The J Custom Series – The Luxury Guitar From Ibanez

Ibanez J Custom Guitar JCRG20126BGA

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The best of the best from Ibanez Japan

The J Custom is what you get when you gather together the finest luthiers in Japan and give them all the resources Ibanez has to offer.

Prior to 1996, the J Custom was only available in Japan.

Each of these guitars is a product of a ridiculous amount of work – Ibanez can only produce 12 of these a month. Normally, Ibanez takes orders on the J Custom in January and February, and then they stop.

The J Customs sport the very best woods and necks, pickups and tremolo systems Ibanez has to offer. The frets are filed and dressed with the most painstaking attention – they’re each rounded on the ends by hand – and the maple tops are thicker than on most other Ibanez guitars.

RG1302 – One of the first made available in the USA

Ibanez J Custom RG1302 - 1996
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The RG1302 had an ash body, Lo Pro Edge Tremolo, and DiMarzio Pickups. It was later produced as a Prestige series guitar, with very few changes.

The Latest J Custom – JCRG20126

Ibanez J Custom Guitar JCRG20126BGA
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The latest J Custom guitar comes with an Alder body and a beautiful flamed maple top. The neck is a Super Wizard J Custom, and has a bound rosewood fingerboard, with the “Tree of Life” inlay.

The sound in produced with two Seymour Duncan pickups – a Jazz Model in the neck and a Custom 5 at the bridge. The Custom 5 gives you a vintage, clean and very present sound, with less distortion. The Jazz pickup (SH-2n) – provides a very articulate, clean sound, with moderate output.

Speaking of the bridge, fine tuning and tremolo duties are performed by a Edge Zero tremolo w/ZPS3.

What is ZPS3?

Ibanez Edge Zero ZPS
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That’s Ibanez’s zero point trem system. While not limited to the J Custom series, it’s still a pretty cool bit of machinery.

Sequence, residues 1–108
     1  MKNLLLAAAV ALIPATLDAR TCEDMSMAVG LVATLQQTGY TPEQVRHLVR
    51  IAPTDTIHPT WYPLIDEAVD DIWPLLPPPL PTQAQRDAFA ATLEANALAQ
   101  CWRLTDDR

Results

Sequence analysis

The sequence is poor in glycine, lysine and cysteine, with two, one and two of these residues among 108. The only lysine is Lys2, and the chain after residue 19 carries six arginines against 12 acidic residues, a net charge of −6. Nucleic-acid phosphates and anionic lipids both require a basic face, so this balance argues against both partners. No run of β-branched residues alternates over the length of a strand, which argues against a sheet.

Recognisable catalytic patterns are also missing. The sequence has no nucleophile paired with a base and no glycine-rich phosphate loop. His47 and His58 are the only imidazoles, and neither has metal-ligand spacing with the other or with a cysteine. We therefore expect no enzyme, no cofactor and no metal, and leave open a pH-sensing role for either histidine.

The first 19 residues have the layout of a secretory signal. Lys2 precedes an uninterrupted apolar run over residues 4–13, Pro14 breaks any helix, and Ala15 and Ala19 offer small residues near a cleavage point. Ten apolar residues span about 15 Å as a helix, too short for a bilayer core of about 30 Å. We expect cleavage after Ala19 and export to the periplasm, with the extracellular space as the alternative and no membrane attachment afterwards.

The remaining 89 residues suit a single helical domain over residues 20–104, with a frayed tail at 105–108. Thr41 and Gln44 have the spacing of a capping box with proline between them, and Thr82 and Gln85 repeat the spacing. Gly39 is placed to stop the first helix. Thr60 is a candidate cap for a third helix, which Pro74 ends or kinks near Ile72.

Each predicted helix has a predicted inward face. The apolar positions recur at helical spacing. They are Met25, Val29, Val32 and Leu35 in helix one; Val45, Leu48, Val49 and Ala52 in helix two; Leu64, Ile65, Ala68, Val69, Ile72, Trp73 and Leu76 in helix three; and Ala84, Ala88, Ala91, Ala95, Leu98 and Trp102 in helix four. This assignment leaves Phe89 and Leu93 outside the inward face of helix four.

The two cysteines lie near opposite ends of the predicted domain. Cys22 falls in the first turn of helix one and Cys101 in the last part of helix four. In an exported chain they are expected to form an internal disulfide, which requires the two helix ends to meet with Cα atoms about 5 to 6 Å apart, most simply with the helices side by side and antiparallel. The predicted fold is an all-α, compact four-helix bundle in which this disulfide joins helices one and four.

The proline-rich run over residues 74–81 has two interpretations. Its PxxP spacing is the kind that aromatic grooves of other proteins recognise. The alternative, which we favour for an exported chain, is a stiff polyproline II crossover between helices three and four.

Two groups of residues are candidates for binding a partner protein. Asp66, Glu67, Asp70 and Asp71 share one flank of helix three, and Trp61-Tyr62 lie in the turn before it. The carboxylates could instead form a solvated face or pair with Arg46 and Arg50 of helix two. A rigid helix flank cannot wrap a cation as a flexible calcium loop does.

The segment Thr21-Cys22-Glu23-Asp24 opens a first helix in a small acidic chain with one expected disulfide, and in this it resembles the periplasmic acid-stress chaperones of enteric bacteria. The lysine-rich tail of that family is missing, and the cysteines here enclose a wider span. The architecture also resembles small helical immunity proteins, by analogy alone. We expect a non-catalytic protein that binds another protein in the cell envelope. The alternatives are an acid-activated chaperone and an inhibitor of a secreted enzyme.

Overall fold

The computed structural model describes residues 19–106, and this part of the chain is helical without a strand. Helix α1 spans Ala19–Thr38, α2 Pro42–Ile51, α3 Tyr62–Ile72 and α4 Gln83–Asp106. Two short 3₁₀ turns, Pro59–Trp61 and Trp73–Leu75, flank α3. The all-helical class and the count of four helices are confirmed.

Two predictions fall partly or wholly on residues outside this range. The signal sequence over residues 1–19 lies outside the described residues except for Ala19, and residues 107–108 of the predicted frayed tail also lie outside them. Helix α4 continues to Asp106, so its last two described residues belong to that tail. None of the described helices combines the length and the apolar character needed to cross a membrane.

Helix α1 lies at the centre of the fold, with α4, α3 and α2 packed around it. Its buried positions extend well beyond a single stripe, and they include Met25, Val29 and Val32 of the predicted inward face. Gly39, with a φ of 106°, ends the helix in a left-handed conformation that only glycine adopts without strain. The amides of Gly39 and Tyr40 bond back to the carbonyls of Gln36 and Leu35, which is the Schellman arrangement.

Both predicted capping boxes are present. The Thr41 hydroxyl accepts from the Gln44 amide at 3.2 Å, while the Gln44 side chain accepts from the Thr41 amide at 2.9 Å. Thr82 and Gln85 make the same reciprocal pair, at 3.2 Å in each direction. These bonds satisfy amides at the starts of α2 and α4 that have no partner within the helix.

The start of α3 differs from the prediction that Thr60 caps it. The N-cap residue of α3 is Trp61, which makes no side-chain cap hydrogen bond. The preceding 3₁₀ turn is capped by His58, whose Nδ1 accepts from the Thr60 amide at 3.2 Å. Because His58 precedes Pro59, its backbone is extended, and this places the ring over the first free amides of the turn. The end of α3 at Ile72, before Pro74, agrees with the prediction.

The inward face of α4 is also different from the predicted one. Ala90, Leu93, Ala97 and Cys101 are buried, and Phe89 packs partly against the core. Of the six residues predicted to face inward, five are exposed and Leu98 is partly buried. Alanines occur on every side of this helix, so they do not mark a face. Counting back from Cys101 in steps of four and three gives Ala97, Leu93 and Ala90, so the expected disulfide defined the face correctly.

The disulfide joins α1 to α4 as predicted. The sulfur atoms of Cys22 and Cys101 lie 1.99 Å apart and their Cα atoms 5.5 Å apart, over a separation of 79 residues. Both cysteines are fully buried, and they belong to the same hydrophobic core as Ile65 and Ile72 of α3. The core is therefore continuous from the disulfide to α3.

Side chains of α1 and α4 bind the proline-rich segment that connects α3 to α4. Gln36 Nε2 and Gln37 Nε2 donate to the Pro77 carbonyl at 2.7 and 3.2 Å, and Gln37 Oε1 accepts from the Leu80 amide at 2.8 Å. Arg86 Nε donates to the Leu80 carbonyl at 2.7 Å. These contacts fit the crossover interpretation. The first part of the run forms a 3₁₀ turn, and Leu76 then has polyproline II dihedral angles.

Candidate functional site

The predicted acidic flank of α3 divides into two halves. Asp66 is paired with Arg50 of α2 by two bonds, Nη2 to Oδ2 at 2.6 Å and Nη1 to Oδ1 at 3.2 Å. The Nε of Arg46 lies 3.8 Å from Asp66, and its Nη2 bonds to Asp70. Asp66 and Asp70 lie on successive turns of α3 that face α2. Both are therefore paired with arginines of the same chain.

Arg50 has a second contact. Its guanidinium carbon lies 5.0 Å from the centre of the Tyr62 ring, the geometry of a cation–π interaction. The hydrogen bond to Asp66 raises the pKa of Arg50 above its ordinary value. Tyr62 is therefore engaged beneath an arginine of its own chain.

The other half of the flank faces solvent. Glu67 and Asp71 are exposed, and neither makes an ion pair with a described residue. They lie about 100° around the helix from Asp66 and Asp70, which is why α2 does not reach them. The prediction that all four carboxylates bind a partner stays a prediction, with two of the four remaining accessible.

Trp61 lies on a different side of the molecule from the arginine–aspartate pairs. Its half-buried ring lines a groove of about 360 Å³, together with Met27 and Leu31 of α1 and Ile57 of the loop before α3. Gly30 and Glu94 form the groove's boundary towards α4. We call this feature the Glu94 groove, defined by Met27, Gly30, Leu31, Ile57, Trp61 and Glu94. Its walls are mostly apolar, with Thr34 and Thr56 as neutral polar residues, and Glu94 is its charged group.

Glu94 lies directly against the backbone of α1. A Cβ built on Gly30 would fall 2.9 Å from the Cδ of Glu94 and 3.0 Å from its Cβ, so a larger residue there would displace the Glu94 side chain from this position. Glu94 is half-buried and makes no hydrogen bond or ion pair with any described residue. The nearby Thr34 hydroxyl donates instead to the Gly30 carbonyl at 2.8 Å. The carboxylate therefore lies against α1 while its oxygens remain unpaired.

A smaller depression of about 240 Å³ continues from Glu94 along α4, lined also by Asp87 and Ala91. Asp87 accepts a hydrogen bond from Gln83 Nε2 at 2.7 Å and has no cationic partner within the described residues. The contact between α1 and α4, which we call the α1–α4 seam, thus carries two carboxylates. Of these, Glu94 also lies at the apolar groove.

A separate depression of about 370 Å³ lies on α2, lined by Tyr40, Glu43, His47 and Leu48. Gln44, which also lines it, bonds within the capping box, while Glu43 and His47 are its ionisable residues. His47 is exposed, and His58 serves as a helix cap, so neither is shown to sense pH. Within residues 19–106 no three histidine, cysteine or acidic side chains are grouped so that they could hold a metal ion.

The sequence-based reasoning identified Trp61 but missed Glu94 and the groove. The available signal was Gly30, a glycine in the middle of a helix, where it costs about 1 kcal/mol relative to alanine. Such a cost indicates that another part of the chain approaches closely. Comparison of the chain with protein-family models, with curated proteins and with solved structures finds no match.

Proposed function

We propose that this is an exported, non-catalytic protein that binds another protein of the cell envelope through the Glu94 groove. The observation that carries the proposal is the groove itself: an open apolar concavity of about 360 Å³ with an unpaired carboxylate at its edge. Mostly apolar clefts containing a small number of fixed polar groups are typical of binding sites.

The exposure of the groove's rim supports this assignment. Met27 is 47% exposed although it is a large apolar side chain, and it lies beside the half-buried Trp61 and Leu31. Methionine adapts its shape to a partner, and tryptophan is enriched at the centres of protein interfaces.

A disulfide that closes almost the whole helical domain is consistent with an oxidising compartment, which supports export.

It’s made of lightweight Duralumin, that provides much greater tuning stability – even staying in tune if you break a string – which is some feat considering that floating tremolo systems are pretty much centered around string tension vs spring tension.

You can adjust the spring tension with a simple turn of the spring adjustment knob, on the back.

It’s a very cool tremolo system overall – and like everything on the J Custom guitars, it’s the best stuff Ibanez has to offer.

The five piece neck is finished on the back to a fast velvety sheen, and stays slim – 17mm at the first fret, and only 19mm at the 12th fret.


Ibanez J Custom Fret Closeup
Click to check out that fret work!

You know a guitar that is made by the best luthiers Ibanez has – a guitar that is only produced at the rate of 12 per year – is going to cost you a pretty penny. This one has an MSRP of around $5,000. This is still a fair price considering all the hard work that goes into these guitars, and their relative exclusivity.

One thing you can always say about Ibanez – you get what you pay for, and they do offer guitars at price points that will make sure nobody gets left out – whether its the pro musician who needs absolute perfection, or the 15 year old’s first guitar. The J Custom is definitely geared more toward the pro musician.





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Tim Monaghan

Tim has been playing guitar & bass since he was 12 years old and has been in Jazz, funk, rock & metal bands. Influences include Jeff Beck, Stanley Clarke, Doug Stegmeyer, Baden Powell, Steve Vai, and pretty much anyone else who has a unique style that expresses their individuality. One of Tim’s many hobbies is building, tweaking, and repairing basses and guitars.

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10 years ago

The J customs never fail to catch my attention, ive never played one or considered it because my opinion is the 25.5 scale is ridiculously short to my hands and doesnt facilitate drop tuning, but they have released an 8 string j custom with longer scale length and my mouth waters. Overall the price is absurd. My theory is no guitar in the world should cost more than 1000 unless its made with gold parts or something

10 years ago

I’m not sure I’d agree that this is the result of what the finest luthiers of Japan would create, I’ve played a couple of J-Customs and for the money I would much rather get a custom guitar built by a local luthier. In fact I have a local luthier that will basically build a guitar to any shape and spec so you could in theory get exactly the same guitar as one of these J-Custom’s but much much higher quality. I certainly wouldn’t pay the asking price for one of these which here in Aus is the same price as a Suhr which I consider to be of higher quality personally.

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